OJAI — When the storm clouds gathered over Matilija Canyon last week, Ventura County sheriff's deputies moved into the canyon, warning residents of the danger of floods and rock slides and recommending evacuation.
Only one person left.
When the rains arrived, the rock slides followed, briefly closing the narrow, twisting road that links the 72 families who live in the canyon with Ojai to the southeast and, officials fear, giving a hint of the potential problems facing the area throughout the rainy season.
Aftermath of Fires
The slide problems and the residents' determination to stick it out despite official warnings illustrate the difficulties facing Ventura County officials in the aftermath of major fires this summer and fall.
Officials warn that disaster may be only a major rainstorm away for thousands of people living in the picturesque Ojai Valley, tucked deep in the wrinkled mountains denuded by the flames.
"Nothing can be done to hold back the major flooding that is anticipated," said Gov. George Deukmejian after a recent inspection flight over Nordhoff Peak and the steep canyons that were burned off above this city of 7,000. He said the area is ripe for a major disaster.
County disaster services officials--fearful that as many as 2,700 homes could be destroyed--had asked Deukmejian to inspect the burn as part of the emergency response plan they have put together to mitigate the effect of a disaster they believe is inevitable in a heavy storm. When the rains come, they want a quick response to their call for state help.
Ojai is one of several areas expecting major mud slides and flooding, according to Ventura County Sheriff's Sgt. James Burell, the disaster response team's operations officer. Similar troubles may occur in Santa Paula or in smaller communities along other fire-struck river canyons.
The fires this summer and fall not only destroyed all vegetation, but their blast furnace heat baked the hillsides, creating a thick layer of hydrophobic soil that rains cannot penetrate, flood control experts said.
As a result, even modest rains can trigger flooding and mud slides, greatly magnifying the storm's impact.
Potentially the most hazardous area is Matilija Canyon, a narrow, twisting drainage northwest of Ojai. Although the rock slide from the recent rains blocked the road for only about three hours, Burell fears that in a later storm, the rocky mountainsides could slump in a massive slide causing worse damage.
But getting the stubborn canyon residents to evacuate is not easy. "We can only warn them. We can't force them to leave," Burell said.
"In a storm, the road will go first," he added. "Then comes the flooding, but by then it'll be too late for them to get out. If it's raining hard, we may not get the helicopters back in there for days. They'll have to be on their own."
Up in the canyon, Cliff Berlin stopped work on the new home he is building to talk about the flood threat. "If we evacuated every time there was a drop or two of rain, that would be ridiculous. . . . We've gotten through two big floods in 10 years OK."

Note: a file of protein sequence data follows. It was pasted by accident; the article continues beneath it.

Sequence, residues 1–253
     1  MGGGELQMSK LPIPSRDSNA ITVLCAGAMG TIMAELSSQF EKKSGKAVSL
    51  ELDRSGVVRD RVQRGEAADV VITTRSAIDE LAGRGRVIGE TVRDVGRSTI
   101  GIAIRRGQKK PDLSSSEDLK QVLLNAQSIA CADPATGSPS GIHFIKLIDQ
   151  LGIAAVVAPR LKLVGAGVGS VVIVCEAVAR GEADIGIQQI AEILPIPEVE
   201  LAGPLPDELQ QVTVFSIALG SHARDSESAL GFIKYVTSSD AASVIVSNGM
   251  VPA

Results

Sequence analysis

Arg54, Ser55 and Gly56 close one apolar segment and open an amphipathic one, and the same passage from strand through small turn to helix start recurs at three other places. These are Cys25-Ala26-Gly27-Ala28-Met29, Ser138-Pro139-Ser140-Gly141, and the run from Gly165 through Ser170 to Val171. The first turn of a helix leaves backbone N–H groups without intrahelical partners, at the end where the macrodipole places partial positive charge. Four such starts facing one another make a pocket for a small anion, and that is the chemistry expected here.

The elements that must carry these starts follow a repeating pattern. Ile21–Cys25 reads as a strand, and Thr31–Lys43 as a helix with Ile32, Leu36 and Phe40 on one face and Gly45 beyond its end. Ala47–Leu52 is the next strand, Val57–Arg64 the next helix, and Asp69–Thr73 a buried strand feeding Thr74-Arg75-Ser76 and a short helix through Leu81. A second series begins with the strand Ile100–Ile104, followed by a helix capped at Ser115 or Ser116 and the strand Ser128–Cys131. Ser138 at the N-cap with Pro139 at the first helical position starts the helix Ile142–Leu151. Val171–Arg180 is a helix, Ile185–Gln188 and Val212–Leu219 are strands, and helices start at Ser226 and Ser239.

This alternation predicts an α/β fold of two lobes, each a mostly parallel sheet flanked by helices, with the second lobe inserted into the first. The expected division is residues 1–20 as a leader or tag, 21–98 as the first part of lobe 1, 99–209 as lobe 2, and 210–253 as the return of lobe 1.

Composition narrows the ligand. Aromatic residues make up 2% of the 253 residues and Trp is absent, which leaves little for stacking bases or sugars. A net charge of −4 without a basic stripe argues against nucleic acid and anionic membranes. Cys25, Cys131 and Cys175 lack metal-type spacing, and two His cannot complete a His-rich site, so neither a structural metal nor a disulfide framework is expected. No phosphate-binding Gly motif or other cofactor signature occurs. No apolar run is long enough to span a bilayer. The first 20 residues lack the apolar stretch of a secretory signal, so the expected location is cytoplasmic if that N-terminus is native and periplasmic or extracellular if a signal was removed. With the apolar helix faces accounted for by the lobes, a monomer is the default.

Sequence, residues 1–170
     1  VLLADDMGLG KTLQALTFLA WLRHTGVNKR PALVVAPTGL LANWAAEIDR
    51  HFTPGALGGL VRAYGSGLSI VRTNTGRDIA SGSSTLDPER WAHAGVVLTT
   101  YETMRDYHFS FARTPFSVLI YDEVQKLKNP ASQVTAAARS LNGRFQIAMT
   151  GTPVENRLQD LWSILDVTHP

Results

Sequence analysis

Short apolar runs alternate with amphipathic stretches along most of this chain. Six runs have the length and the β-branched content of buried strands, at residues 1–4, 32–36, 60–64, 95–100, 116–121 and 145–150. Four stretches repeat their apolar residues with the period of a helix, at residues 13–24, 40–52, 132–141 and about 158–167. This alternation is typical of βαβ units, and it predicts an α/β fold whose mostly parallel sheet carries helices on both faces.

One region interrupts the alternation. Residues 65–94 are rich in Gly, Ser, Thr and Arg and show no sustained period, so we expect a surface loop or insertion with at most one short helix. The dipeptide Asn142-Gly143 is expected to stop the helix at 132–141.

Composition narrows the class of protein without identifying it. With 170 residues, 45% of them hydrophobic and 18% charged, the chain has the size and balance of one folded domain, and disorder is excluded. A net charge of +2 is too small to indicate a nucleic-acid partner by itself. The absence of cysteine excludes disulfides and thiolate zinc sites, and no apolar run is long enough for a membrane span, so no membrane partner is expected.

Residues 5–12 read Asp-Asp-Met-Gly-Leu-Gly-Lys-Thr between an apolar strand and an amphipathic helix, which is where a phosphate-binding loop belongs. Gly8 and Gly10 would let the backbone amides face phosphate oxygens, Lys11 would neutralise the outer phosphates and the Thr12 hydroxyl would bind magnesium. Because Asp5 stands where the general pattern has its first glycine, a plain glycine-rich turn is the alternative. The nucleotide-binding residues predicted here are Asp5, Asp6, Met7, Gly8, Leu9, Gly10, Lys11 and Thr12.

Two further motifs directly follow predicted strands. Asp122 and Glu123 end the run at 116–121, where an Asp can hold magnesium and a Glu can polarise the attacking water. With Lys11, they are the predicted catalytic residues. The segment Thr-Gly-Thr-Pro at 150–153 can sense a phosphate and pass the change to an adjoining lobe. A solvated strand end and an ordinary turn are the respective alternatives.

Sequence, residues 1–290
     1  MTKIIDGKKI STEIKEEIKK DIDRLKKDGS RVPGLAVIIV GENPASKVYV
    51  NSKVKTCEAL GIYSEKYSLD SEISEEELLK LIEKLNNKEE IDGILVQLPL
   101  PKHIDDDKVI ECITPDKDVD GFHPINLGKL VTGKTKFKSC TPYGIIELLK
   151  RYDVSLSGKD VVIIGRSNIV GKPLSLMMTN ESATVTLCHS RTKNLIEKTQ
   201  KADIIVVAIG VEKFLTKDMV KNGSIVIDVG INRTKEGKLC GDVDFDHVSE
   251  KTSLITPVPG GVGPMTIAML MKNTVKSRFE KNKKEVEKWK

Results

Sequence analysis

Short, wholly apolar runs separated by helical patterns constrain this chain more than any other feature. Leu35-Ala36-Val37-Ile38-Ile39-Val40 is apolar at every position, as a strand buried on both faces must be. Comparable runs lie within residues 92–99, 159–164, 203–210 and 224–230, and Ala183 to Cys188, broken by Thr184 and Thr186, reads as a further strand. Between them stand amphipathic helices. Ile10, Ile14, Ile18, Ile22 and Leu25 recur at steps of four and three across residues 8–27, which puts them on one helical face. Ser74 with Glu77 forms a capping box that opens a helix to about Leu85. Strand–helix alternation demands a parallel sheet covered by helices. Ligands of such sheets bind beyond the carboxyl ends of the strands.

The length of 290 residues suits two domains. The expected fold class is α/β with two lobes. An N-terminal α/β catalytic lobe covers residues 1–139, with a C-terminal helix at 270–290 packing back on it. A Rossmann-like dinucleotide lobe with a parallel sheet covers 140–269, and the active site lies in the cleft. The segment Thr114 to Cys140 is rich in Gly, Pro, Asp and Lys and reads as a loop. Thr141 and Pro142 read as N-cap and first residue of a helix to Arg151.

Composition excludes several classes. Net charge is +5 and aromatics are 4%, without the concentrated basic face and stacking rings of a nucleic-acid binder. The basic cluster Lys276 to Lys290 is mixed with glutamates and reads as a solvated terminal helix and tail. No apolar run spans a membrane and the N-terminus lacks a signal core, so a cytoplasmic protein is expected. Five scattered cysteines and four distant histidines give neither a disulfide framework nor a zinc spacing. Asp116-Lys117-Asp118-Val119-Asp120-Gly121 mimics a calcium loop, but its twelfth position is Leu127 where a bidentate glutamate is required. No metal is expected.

Down the canyon a way, Karen Palmer stood suspiciously in her wooded driveway watching as two strangers approached through a bunch of barking dogs. Last summer's fire stormed all around Palmer's property, burning outbuildings and destroying a truck and trailer. It missed the home and several cages of colorful parrots that she raises.
'We're Not Leaving'
Early last week she had told a deputy sheriff to "go to hell" when he suggested that she and her husband should evacuate because it was starting to rain. "We know we are sitting on a powder keg here, but when the road went out in '78, the looters came walking up the canyon with empty backpacks. So we're not leaving," she said.
Down in the city of Ojai, the primary threat is to the northern subdivisions built in the canyons fingering up Nordhoff Ridge, according to Mayor Nina Shelley. "But," she warned, "it's possible all of the city will be flooded. We know that nothing can hold back nature."
To prepare for the worst, the mayor said 45 city, county and state employees have gone through a special training session at the Federal Emergency Management Institute in Maryland that was designed for the Ojai Valley by institute experts. They took with them their emergency response plans.
"They simulated road closures, the crash of helicopters, breaks in gas mains that resulted in explosions, overcrowded hospitals, just about everything that could happen, and we had to respond to each new crisis," Shelley said. "Our plans passed the test. We're as ready as we can be."
Those plans include procedures to evacuate half the town's population and the valley's 4,500 horses, the mayor explained.
Command Center Established
An emergency command center has been established in four trailers behind the Ojai Valley Inn.